As usual, on this Thanksgiving Day, Momme’s living room was as spotless as her kitchen. A clock ticked pleasantly on the shelf above the bureau. The three hickory-bent rocking chairs sat on the hand woven rugs on the hardwood floors. There was a white sewing rooster sitting on her treadle-run sewing machine by the window. He held spools of thread, a needle cushion, and buttons. The red comb on the top of his head made him look proud.
Dodde’s rocking chair was the one next to the “spit box.” He chewed tobacco and for him to be able to do that in the house, Momme had to keep the wooden box filled with clean sawdust.
The house smelled of roast turkey and potatoes and squash. We went through the living room to Momme’s bedroom to put away our “wraps,” which is what we called our coats, shawls, and bonnets.
My younger girl cousins were playing with their dolls. I had cousins who were babies, some who were grown, and every age in between. Everyone wore their Sunday best. I was wearing my white kopp, clean, freshly starched, and pleated, that I wore only for special occasions, and it felt crisp and clean, like the bright day with the sun streaming through Momme’s sparkling windows.
Momme, Aunt Ada, and Aunt Saloma were peeling potatoes. Mem handed me her wraps and rolled up her sleeves to help.
I put Mem’s wraps in Momme’s dark bedroom, right around the corner from the kitchen. The bedroom didn’t have a window, so it was dark with only the light coming through the doorway from the living room. On the other side of the bed was another doorway that led into Aunt Ada’s hallway.
I took off my wraps and put them on Momme’s bed. I folded my shawl in a special way with the fringes out, so I could tell which one was mine when it was time to go home. I put it with my coat, scarf, and bonnet.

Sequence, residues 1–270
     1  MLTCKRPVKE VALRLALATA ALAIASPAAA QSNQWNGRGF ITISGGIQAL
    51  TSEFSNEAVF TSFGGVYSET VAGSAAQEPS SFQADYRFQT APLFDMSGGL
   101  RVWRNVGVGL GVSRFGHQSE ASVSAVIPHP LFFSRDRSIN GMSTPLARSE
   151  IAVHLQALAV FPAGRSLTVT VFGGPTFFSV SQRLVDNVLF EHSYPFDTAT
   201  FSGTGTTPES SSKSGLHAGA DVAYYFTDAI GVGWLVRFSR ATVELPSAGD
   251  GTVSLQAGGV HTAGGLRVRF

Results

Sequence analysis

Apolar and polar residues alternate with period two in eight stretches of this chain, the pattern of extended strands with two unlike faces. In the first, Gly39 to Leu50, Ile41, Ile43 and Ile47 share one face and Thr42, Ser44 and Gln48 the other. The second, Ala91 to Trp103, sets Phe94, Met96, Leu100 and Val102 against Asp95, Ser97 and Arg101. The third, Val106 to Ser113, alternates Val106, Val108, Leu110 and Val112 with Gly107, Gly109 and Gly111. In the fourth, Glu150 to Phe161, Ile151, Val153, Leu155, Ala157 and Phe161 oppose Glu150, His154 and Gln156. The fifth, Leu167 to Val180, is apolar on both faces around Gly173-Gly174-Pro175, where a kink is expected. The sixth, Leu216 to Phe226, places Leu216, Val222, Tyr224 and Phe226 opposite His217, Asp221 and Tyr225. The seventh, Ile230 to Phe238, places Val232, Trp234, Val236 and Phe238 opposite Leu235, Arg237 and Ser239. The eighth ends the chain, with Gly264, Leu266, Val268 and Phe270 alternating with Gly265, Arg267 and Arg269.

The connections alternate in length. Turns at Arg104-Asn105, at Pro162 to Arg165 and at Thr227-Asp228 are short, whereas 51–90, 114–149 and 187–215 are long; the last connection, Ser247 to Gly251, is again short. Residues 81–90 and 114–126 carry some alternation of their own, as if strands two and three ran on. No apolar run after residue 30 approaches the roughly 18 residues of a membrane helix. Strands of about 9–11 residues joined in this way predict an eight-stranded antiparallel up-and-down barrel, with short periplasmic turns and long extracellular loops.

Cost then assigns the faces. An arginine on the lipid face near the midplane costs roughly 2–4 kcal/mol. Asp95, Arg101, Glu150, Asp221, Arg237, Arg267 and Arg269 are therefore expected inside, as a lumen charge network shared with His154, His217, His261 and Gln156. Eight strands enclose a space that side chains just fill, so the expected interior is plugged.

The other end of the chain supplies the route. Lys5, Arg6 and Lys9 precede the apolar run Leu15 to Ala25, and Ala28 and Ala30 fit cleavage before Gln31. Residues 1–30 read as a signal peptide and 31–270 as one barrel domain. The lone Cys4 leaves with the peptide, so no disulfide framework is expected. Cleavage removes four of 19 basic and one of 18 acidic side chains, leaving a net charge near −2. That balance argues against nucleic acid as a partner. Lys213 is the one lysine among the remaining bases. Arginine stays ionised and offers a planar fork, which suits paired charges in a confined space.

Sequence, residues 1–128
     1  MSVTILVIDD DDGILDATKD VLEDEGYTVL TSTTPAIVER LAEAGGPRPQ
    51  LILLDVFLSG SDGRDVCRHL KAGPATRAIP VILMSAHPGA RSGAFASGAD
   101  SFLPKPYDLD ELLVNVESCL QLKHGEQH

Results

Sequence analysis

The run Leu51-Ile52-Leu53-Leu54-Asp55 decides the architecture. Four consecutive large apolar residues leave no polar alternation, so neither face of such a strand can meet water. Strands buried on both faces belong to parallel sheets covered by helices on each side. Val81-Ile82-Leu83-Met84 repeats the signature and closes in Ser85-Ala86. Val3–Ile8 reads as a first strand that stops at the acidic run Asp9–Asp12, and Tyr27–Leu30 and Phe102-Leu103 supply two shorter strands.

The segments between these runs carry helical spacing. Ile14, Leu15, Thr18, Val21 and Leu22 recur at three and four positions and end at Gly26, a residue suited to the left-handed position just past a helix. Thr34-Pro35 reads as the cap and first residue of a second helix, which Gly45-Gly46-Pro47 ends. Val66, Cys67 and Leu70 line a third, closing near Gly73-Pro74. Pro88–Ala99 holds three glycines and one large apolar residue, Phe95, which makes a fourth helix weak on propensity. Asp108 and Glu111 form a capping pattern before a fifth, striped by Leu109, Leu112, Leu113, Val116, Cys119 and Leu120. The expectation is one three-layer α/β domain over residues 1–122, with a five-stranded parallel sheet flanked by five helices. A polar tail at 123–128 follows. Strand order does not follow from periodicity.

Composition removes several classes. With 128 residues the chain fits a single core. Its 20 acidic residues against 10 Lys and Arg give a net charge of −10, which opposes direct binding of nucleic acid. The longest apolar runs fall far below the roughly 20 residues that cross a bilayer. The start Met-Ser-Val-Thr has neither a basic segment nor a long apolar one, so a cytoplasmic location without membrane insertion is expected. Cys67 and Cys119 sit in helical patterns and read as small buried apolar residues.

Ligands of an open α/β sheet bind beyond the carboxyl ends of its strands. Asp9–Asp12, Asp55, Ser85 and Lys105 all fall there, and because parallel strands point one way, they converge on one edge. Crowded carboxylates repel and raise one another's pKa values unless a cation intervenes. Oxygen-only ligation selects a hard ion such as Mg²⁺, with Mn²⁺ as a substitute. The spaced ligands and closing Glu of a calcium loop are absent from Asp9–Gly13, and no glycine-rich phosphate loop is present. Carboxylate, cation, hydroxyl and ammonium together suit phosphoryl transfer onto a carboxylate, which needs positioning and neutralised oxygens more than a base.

My cousins Nancy and Susie came in and we headed off to Aunt Ada’s side of the house before our mothers could pull us into the kitchen to do dishes. I knew they would find us soon enough.
Halfway through the forenoon, we came within wafting distance of the smells drifting out of the kitchen. They made my stomach growl. My Aunt Sarah saw us and said, “You girls get over here and do these dishes and set the table!” The furniture in the living room had been moved over to Aunt Ada’s side of the house to make room for two tables. The tablecloth was on, and we set the table, squeezing in as many places as we could. I don’t remember if we talked about the fact that the men would get to eat first, but I certainly thought about it. Sometimes my cousins and I did discuss the unfairness of the men eating first, even though the women did the cooking and the dishes. I heard Uncle John talking in the other room and then loud laughter. I smelled the men’s pipe smoke and wished I could smell the food by itself.
The table was ready, and we filled the water glasses. Then we brought in steaming plates of food. There were hills of mashed potatoes with melted brown butter running down the sides, Momme’s rich gravy, big platters of roast turkey, dressing, squash, peas, home-canned corn relish, sweet pickles, applesauce, and fresh slices of Mem’s white bread with elderberry jelly. With our mouths watering, we watched the men and boys come in and take their seats. We womenfolk stood in a circle around the table while everyone bowed their heads in silent prayer. Then we filled their water glasses and brought more food as they emptied the plates.
We watched the men pat their over-filled stomachs, stretch, and leave the table to go back to Aunt Ada’s living room before we cleared the table, did the dishes, and set the table again. Finally, we brought on the remaining food and sat down to eat.
To be continued…